Coffee consumer Ron Newman was looking for Dunkin’ Donuts in Roxbury today when he discovered that the map you get if you search on 02119 brings up an unusual neighborhood name at the northernmost tip of Franklin Park: Newstead Monteglade.
Oh, ho! It’s been 15 years since we thought that fabled, mystical place had slipped the surly bonds of earth, when the U.S. Geological Survey’s Board on Geographic Names declared the place “historical” because nobody actually lives there anymore – and never mind it was never actually a place to begin with (it was the names of two estates Boston bought as part of the creation of Franklin Park).
But in any case, MapQuest, which we were also surprised to learn still exists, has apparently added the place to its own mapping database, which means it shows up on the sites of its customers, such as Dunkin’ Donuts, as a section of Boston.
Or rather, MapQuest re-added Newstead Monteglade to its mapping database.
Back in 2005, when the earth was still cooling, MapQuest was the mapping site and it had used the USGS database to build its own database and so it included Newstead Montegrade (as it was originally tagged) as a Boston place, which in turn meant it started showing up in all sorts of database-driven travel sites, which in further turn meant certain people in the Boston area briefly had great fun adding to those databases with examples of what to see in Newstead Montegrade, where to stay, etc., etc.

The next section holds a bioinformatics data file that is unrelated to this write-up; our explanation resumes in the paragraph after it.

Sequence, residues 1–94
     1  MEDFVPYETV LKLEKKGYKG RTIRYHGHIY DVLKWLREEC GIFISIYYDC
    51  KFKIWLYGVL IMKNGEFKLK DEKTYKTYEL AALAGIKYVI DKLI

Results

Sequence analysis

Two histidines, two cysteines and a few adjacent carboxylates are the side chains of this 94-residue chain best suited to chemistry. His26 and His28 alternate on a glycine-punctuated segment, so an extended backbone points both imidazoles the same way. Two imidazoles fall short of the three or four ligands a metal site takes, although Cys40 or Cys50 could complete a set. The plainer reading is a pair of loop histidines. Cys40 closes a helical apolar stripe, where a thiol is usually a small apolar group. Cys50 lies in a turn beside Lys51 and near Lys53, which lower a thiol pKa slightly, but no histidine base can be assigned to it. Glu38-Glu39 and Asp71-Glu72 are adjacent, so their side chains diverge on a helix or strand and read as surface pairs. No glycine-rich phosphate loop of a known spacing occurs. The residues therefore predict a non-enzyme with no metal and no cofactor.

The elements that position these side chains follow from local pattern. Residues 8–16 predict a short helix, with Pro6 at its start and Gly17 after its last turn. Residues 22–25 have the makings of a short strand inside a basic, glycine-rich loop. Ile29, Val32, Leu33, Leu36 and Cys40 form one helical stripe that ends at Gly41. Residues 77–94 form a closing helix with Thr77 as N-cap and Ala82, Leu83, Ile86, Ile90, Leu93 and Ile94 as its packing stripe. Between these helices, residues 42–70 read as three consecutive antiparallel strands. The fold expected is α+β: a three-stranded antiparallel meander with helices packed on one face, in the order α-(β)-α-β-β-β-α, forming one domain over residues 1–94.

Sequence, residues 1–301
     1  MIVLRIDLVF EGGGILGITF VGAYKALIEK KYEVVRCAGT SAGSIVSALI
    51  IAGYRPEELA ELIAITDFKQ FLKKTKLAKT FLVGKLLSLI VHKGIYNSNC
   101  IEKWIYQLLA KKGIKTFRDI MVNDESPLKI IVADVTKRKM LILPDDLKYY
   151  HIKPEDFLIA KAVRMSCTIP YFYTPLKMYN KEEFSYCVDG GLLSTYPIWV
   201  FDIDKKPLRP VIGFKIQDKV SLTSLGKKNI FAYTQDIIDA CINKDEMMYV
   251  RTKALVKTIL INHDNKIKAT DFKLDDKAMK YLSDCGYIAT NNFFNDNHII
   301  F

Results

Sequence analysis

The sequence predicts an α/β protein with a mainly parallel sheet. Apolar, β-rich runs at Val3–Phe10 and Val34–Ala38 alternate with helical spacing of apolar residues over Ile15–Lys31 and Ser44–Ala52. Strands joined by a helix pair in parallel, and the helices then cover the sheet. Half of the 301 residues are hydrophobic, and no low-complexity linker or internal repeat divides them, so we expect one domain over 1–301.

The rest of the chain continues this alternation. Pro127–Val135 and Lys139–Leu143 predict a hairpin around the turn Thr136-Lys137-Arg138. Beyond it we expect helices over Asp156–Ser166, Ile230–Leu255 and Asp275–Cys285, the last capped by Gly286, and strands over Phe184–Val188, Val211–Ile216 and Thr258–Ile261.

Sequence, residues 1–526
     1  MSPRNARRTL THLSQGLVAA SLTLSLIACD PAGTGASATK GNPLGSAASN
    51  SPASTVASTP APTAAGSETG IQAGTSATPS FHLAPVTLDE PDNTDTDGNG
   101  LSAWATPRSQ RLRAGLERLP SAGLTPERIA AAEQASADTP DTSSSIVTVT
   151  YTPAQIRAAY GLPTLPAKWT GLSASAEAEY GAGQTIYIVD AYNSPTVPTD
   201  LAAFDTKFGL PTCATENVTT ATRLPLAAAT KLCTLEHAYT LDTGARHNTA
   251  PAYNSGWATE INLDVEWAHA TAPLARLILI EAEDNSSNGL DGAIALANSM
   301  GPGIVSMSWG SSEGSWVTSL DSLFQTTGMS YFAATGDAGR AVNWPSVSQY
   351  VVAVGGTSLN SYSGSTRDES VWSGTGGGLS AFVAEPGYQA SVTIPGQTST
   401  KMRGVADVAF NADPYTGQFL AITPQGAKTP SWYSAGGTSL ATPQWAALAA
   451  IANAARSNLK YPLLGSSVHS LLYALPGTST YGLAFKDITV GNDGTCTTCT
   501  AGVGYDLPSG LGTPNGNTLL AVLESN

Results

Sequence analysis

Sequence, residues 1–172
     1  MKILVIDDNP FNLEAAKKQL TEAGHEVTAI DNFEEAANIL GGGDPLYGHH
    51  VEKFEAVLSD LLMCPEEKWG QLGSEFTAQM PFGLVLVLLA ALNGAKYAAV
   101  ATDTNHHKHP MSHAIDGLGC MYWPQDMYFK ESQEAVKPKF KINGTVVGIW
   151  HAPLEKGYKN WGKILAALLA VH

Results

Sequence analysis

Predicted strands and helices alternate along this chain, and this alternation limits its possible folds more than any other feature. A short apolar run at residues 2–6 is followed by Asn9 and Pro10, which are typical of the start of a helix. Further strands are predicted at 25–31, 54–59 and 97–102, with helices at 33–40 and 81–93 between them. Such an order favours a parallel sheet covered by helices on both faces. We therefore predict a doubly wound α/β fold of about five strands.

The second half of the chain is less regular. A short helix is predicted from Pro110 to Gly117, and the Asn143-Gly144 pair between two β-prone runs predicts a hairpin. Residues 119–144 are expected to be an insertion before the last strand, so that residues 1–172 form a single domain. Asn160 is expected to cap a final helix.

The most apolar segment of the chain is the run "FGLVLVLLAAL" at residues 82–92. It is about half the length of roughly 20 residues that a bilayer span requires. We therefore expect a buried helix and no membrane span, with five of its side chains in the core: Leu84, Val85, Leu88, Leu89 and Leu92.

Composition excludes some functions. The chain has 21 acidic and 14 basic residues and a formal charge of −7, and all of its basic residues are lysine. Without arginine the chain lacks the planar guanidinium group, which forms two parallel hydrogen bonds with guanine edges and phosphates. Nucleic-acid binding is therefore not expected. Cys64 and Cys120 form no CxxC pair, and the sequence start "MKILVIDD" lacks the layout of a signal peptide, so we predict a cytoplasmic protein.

And then Ron Newman (yes, the same intrepid coffee-seeking Ron Newman mentioned above) managed to convince the USGS Board on Geographic Names to, if not drop Newstead Montegrade, at least mark it as “historical”. Oh, and with a name change to Newstead Monteglade, because it turns out one of the estates was called Monteglade, not Montegrade, as we, and the USGS Board on Geographic Names, discovered through some intrepid work by a BPL research librarian.
For some reason, MapQuest has ignored the “historical” tag and is now boldly proclaiming the renewed existence of a Boston neighborhood where nobody lives, unless you count the fauna that live in the park.
Newstead Montegrade is dead! Long live Newstead Monteglade!
Newstead Montegrade – the truth comes out – featuring a history of the place by BPL research librarian Mary Devine.
USGS Newstead Monteglade entry, including the notation that it’s “historical” and referencing its specific latitude and longitude (see Newstead Monteglade mapped on Google Maps, which does not, however, recognize its existence).